Wednesday, June 18, 2008

Jewish Towns Populated by Arab Late-Comers: Part 2


It is good this historian has embarked upon this project. I would assume that everyone KNEW that arabs were not the native inhabitants of Israel--after all, don't we have a Bible that already makes that point?

Anyway, making this news new is important. We have a lot of people to educate--including, especially, those who forgot that "Palestine" was the name given to the JEWISH LANDS by the Romans LONG before the arabs were around or Mohammed walked the earth.

Israel was referred to as "Palestine" until the modern state and "Palestine" always meant the land of the Jews. It wasn't until the late 1960s when Yassir Arafat began to use that name for his new imaginary state that it began to refer to arabs.

Now the uneducated unwashed masses who have no clue point to coins and maps of "Palestine" and say, "The Jews took the arabs land!"

What idiots! Read a history book, moron!
Then, if it is not too taxing, try picking up a Chumash, OK?


Jewish Towns Populated by Arab Late-Comers: Part 2
by Hillel Fendel

( Historian Dr. Rivka Shpak-Lissak has embarked on an ambitious project, detailing the history of Jewish towns in the Land of Israel that are now known as Arab. Seven of her articles in this series have appeared on the Omedia website, and she says she has many more coming.

The bottom line, Dr. Lissak told Arutz-7, is that the Arab claim that they have been here for "thousands of years" is far from true. In fact, she says, most of the Galilee's formerly Jewish towns were populated by Arabs only within the last 300 years or so - erasing many signs of the towns' Jewish origins in the process.

"The goal of all the rulers of the Holy Land, from the times of the Romans and onward, was always to rid the Land of the Jews," she said. "Finally, they succeeded. Many Jews simply left the Land rather than convert to Islam."

Dr. Lissak's articles on the towns of Gush Halav and Kafr Kana were summarized here.

Tzipori: Coming Full-Circle
Another important once-Jewish town is Tzipori, just north of Nazareth and Migdal HaEmek, where Rabbi Yehuda HaNasi concluded his monumental work, the Mishna. When the Supreme Israeli-Arab Tracking Committee prepared a "march of return" from Nazareth to Tzipori, to mark Catastrophe Day [Israel's Independence Day], Dr. Lissak wrote, "We should remind the marchers that Tzipori was a Jewish city for 2,000 years, while the [adjacent] Arab village Safuriya was founded only in 1561."

Tzipori was known to have been Jewish in the times of Ezra and Nechemiah, and was the administrative capital of the Galilee under the Hashmoneans (2nd century BCE). Pompei conquered it for Rome in 63 C.E., but it remained proudly Jewish; Josephus called it the "pride of the entire Galilee." Towards the end of the 2nd century C.E., the Sanhedrin (Supreme Jewish Court) relocated to Tzipori, which served as a center for Torah study and dissemination; its scholars took part in the formation of the Jerusalem Talmud.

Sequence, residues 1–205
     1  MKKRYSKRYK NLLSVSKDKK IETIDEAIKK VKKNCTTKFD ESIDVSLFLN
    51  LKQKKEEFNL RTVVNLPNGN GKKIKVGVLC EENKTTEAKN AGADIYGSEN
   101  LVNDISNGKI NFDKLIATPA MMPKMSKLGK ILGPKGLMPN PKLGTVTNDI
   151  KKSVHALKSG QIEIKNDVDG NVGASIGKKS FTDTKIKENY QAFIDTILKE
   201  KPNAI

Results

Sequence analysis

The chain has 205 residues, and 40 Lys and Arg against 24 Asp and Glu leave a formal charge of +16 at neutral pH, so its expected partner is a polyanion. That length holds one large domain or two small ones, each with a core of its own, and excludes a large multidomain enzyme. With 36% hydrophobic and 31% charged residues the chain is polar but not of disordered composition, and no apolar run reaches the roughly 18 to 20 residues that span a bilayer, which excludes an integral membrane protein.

Beginning in the 5th century, the proportion of Christians in the town increased; there is evidence of continued Jewish presence for at least another 500 years afterwards. The present-day Arab village of Tzafuriya was founded nearby in 1561, and its residents took part in the Arab riots against the Jews near 400 years later, in 1936-9. During the 1948 War of Independence, Tzipori was the site of a major battle in which the young Israeli army routed Arabs from the neighboring villages and reinforcements from Syria and Lebanon.

In 1949, the modern-day Moshav Tzipori was founded by Bulgarian and Turkish Jews, joined later by Jewish immigrants from Romania. Over 600 Jews currently live there, sometimes studying the Mishna - the marble gravesite of whose author, Rabbi Yehuda, has been uncovered nearby.

Once again, however, Arabs are trying to de-Judaize the area, Caroline Glick reports: Arab squatters from the Kablawi clan have, in recent years, built themselves an illegal village of some 20 houses in the form of storage containers on stolen Jewish land adjacent to the fields of Tzipori. Jews in the area have established a replica of the early 20th-century HaShomer (Guardsman) for the same purpose as its forebear: protecting Jewish farming communities from Arab marauders.

Arabeh: Forgotten Jewish Roots
Another example of a Jewish-city-turned-Arab in the Galilee is Arabeh, six kilometers south of Carmiel. During the Second Temple period, it was a Jewish town named Arav, the third-largest such town in the Galilee. It was destroyed by the Romans during the Great Rebellion of 66-70, though its inhabitants had previously fled to safety. It was later rebuilt and served as a center of Torah study; Rabi Yochanan ben Zakkai, who lived there for 18 years, and Rabi Hanina ben Dosa established a yeshiva there.

When the Christians became more powerful in the Land, the Jews of Arav, together with the other Jews of the Galilee, suffered humilitation and the burning of their synagogues. Even worse occurred in subsequent centuries at the hands of the Christians and ruling Byzantines. Jewish presence in Arav apparently ended when the Arabs conquered the Holy Land in 638; even most of the Christians in the city converted to Islam. Some 300 years ago, the Moslems conducted a massacre of the Druze residents living nearby. Nearly 20,000 people live there today, most of them Moslems and some Christians. The town's Jewish roots are all but forgotten.

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